I read in the newspaper today that the more slime produced by a snail, the slower it will crawl. Leaving a trail of mucus uses up energy, so a thin layer of mucus allows the most efficent movement, apparently. Knowing of Clare’s identification with snails, I followed this news brief to the source, which turns out to be a scientific paper on the ArXiv preprint server by Eric Lauga and A. E. Hosoi at MIT (Massachusetts Institute of Technology).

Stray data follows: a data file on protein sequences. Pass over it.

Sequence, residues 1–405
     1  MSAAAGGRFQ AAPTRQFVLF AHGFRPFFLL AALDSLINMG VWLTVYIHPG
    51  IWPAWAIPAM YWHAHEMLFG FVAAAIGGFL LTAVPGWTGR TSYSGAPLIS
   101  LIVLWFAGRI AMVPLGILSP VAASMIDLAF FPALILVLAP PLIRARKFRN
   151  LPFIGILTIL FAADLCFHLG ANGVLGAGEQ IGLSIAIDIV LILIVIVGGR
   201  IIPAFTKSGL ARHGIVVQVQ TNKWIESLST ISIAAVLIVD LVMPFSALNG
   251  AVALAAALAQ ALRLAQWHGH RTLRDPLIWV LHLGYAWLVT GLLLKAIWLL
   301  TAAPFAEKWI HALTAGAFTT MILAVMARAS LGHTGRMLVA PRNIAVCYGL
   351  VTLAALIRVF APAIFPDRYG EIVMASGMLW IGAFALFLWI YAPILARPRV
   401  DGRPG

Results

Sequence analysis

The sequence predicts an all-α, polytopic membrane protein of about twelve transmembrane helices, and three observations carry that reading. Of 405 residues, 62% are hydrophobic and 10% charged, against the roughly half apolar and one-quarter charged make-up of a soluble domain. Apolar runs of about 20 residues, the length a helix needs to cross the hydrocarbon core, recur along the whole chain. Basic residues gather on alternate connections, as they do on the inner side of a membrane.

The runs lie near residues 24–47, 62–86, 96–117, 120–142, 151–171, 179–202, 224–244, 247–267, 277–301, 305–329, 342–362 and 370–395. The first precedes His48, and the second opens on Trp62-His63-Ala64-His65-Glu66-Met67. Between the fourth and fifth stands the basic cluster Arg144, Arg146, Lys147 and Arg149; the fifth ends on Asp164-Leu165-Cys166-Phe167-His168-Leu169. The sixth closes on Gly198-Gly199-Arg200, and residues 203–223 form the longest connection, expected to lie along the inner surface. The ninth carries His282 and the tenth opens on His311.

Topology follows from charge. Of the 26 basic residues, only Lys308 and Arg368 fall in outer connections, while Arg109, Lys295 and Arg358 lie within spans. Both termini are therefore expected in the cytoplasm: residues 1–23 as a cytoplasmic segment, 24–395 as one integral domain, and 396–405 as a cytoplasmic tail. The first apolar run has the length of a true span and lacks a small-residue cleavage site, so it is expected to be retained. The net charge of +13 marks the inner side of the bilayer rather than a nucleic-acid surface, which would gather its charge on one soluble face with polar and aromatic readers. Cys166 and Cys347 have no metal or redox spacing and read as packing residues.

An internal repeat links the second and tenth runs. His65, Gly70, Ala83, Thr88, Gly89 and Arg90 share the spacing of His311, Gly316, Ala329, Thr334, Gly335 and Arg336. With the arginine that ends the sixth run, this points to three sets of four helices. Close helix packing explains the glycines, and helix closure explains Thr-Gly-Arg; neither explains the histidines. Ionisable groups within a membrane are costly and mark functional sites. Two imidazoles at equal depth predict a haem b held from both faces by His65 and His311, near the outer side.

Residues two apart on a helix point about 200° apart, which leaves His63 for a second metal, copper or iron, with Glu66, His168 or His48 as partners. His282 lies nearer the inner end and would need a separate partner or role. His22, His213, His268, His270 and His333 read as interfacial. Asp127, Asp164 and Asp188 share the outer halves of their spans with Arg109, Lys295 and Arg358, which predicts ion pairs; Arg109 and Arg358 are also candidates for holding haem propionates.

Here is the abstract of their paper:
"Common gastropods such as snails crawl on a solid substrate by propagating muscular waves of shear stress on a viscoelastic mucus. Producing the mucus accounts for the largest component in the gastropod’s energy budget, more than twenty times the amount of mechanical work used in crawling. Using a simple mechanical model, we show that the shear-thinning properties of the mucus favor a decrease in the amount of mucus necessary for crawling, thereby decreasing the overall energetic cost of locomotion."
Clare would put it more poetically, and indeed accessibly, than this. But I hope she’ll like it.
(Clare blogs at Keeper of the Snails, where writing, poetry, beauty and science intersect.)